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Monday, 16 January 2012

What can you say about women?


Since my first novel, Lagan Love, was published there is one question I have been asked a number of times: Was it difficult to write female characters?

I have often wondered at that. Is it because I am a man and therefore it is assumed that I would have difficulty in understanding women? Or is it because my female characters are so compelling that they engender amazement? I would prefer to think it was the latter but that would fan vanity and I have learned to be cautious about that.

I believe that good writers ‘create’ characters through observation. We meet all kinds of wonderful characters every day and, with a little bit of imagination, some of them can find their way onto the pages of a book. (This is another reason why we should behave ourselves with consideration for others because who wants to see their selfish, rude or indifferent, selves in public.)

However, most people would agree that men and women have difficulty in understanding each other. (I believe this is because women have a tendency to feel while men think or not think. This of course is a generality in lieu of a much longer discourse – perhaps the material for a future book!) Perhaps this is why we are inundated with one dimensional, or stereotypical, characters. Men in romance stories are too often cast in a mould; tall, dark, handsome, brooding or injured, but putty in the heroine’s long slender, manicured fingers – the stuff of fantasies – not unlike the large-breasted females who wear their hair tightly-bunned and frown through thick framed glasses until some guy unlocks their sensuous butterfly with a kiss.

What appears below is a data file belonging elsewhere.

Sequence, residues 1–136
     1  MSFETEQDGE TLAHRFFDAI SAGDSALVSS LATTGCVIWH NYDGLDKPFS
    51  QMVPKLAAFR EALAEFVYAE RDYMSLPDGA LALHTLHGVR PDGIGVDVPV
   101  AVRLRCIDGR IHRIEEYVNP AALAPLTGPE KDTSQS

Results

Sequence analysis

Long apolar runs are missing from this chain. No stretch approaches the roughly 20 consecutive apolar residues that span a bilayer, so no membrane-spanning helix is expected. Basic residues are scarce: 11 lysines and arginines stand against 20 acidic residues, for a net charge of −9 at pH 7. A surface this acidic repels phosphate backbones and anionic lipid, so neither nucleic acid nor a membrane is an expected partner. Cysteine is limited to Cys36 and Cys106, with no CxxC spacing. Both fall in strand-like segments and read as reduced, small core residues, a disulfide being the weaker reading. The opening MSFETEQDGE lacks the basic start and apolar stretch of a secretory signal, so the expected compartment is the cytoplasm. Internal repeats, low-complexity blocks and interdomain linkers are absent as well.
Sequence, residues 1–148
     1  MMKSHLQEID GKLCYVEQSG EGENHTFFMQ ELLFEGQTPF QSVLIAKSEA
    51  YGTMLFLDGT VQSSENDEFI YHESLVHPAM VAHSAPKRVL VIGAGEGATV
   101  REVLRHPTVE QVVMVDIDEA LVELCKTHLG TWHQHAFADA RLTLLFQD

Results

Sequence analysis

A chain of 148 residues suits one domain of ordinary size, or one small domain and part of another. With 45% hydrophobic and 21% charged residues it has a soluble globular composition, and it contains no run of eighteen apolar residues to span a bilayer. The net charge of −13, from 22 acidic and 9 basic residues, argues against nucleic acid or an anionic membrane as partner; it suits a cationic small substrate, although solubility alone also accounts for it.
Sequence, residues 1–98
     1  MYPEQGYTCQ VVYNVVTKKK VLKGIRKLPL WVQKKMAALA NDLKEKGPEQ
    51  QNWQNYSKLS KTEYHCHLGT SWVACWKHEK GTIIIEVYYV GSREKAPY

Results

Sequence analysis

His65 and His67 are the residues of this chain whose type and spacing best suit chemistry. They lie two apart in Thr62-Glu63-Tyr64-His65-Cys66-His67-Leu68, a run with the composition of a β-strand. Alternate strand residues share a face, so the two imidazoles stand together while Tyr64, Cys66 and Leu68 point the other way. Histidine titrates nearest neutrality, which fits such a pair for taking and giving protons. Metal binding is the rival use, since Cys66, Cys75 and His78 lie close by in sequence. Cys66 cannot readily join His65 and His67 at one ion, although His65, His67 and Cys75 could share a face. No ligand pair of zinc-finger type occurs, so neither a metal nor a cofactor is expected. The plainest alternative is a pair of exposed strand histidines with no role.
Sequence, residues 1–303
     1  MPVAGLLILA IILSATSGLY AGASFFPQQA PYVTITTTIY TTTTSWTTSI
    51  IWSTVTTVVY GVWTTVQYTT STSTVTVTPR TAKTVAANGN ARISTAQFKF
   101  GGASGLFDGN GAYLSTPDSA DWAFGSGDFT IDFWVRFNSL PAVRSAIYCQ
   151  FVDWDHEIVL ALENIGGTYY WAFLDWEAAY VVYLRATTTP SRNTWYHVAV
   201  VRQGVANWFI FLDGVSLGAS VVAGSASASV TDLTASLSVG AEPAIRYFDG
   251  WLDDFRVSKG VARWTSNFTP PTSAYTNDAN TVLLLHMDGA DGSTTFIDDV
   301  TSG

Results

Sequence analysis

While all of this is delightful in its own place – much like having delicate French pastries for breakfast – it can be fattening to the mind. Many of the women I have known in my life are far more interesting and I consider myself lucky in being able to see that.


My mother set me straight from the beginning. She was raised by her father who was a senior police officer during Ireland’s Civil War. He moved constantly so my mother was packed off to a convent school where she developed her brilliant mind. In the 1930’s she went to University – a feat in any country at that time and remarkable in Ireland.

How she met and married my father is another story but, after raising 6 boys single handed, she returned to her prime passion – intellectualism!

She ran with an interesting crowd too; one of Ireland’s most prominent female novelists, Ireland’s first female President and, for balance, two priests. One was a noted historian and the other a poet! What impressed me about all of this was how she could hold her own in any conversation. Nothing was beyond her and while my friends only got to see their mothers as cleaners, cooks and nursemaids, I saw mine as a power in the world.


From all of this I realised that women range from angels to succubi – if you believe in such things. They have all the complexities, virtues and vices,insecurities and assuredness, ambitions and considerations that you might associate with men – only for me, women are far more interesting.